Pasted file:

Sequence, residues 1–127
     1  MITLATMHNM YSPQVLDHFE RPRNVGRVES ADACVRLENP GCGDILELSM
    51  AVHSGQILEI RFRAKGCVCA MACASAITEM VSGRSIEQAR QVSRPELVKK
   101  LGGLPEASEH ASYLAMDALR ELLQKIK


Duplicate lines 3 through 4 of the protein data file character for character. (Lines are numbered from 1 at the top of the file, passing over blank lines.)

    51  AVHSGQILEI RFRAKGCVCA MACASAITEM VSGRSIEQAR QVSRPELVKK
   101  LGGLPEASEH ASYLAMDALR ELLQKIK